Designed for rapid capture of design alternatives, Creo Sketch’s defining characteristics are its compatibility with the Creo line and its price.
Today PTC released Creo Sketch 1.0, a 2D sketching tool, as part of the new line of Creo product development applications which replace and extend the former Pro/Engineer and CoCreate product lines. The idea is to have a basic sketch tool for product development, something for anyone who needs to simply draw an idea which will then be passed along to others in the company using PTC Creo applications.
Anyone who has used a contemporary sketch tool will quickly be at home in Creo Sketch—and that’s both a blessing and a curse for the product. There are many fine sketch programs on the market. Unless the user needs to communicate design ideas with other Creo users, there’s nothing special except the price to attract users. While completely adequate as a general purpose sketch tool, it only rises to the top of the heap when used as part of a Creo design ecosystem. Many designers are gravitating to the iPad; Creo Sketch only works in Windows, and there are currently too few Windows tablets to give Creo Sketch an edge. One hardware advantage for Creo Sketch is its support for the Wacom line of drawing tools.
Creo Sketch has the usual assortment of paint effects, curves, lines, layers, and editing commands. Its minimalist user interface balances the Windows 7 ribbon bar with the other apps in the Creo line. I found it easy to use. But no sketch tool is good enough to make my scratchings worth publishing, so the images here are courtesy PTC.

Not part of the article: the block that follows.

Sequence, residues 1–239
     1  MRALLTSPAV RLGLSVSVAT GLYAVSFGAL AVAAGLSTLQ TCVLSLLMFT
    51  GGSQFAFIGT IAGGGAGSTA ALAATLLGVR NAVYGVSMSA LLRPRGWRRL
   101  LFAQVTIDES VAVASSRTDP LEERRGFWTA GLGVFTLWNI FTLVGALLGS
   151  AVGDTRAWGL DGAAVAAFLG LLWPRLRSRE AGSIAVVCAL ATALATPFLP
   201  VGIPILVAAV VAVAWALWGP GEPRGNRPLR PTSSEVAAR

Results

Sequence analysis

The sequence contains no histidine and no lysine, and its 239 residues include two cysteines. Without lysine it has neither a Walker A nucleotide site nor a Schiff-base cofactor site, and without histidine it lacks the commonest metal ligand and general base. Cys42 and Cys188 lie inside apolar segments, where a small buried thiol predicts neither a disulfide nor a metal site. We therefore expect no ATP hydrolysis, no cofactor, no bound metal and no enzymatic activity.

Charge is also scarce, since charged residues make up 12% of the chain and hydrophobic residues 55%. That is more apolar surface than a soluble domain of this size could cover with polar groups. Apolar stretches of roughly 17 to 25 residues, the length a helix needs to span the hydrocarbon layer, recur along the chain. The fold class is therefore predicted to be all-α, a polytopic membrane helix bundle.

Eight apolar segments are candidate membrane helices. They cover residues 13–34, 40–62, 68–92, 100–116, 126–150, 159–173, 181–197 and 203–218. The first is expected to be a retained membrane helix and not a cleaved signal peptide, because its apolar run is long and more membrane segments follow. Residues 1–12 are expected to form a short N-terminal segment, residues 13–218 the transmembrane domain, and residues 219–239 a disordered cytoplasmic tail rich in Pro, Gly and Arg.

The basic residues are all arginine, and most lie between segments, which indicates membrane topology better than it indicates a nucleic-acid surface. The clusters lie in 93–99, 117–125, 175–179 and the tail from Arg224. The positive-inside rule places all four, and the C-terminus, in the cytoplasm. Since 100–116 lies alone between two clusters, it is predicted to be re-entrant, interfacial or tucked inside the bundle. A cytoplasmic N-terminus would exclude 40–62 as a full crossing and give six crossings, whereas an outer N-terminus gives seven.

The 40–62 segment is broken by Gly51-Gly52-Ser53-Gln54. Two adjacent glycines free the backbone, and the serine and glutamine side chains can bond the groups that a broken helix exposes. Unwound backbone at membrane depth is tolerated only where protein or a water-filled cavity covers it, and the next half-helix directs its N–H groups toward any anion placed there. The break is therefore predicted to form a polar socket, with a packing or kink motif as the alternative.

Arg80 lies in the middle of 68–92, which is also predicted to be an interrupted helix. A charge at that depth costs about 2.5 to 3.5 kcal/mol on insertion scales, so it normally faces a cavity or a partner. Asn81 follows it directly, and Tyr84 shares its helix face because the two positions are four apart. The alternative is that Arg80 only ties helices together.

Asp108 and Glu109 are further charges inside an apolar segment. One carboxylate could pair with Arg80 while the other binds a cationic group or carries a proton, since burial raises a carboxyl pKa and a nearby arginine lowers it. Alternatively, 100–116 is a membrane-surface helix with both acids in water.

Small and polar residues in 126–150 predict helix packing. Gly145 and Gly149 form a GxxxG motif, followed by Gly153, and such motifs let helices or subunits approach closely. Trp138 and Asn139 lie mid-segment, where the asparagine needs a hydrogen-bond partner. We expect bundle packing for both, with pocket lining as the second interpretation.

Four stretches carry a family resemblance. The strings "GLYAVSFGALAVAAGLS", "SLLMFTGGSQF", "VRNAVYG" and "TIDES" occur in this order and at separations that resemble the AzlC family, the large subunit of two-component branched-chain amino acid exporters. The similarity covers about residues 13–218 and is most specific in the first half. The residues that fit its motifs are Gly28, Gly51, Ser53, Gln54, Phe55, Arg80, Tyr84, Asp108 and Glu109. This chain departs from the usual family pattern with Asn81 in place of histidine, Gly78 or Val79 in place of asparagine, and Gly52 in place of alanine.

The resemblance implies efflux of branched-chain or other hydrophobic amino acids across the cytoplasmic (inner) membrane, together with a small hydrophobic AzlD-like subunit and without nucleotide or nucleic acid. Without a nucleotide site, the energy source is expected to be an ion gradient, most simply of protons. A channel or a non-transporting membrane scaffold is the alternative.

The intended role for Creo Sketch is to provide a simple tool to communicate the proverbial napkin sketch within the Creo environment. A completed drawing can become the background for developing a 3D model using the Trace Sketch command. For sharing outside the Creo environment, Creo Sketch supports TIFF, BMP, JPG, and PNG drawing formats.
Like any commercial software company giving away free product, you have to fill out a form with contact information first. There are certainly more intrusive inquiries than the one for Creo Sketch.
If you have any curiousity about what PTC is up to with Creo, or lack a sketching tool designed with a CAD user’s ethic, Creo Sketch is certainly worth a look.
List of features
• Free and flexible pencils, markers and airbrushes
– Choose from a standard palette or make your own
• Standard look and feel of all Creo apps
• Full tablet support for products such as Wacom
– Adds pressure sensitivity to the brushes
• Advanced effect brushes
• Cloning and stamping tools
• Full layer control and definition
• Support for textures
• Open and save common file formats, including TIFF, BMP, JPG, and PNG
• Create lines, arcs, circles, rectangles and splines
• Trace along curves with any brush
• Copy and pattern curves
• Full text support
• Share visual ideas quickly with integrated email feature
• Directly open into other Creo apps such as a Trace Sketch
More information: Creo Sketch product page.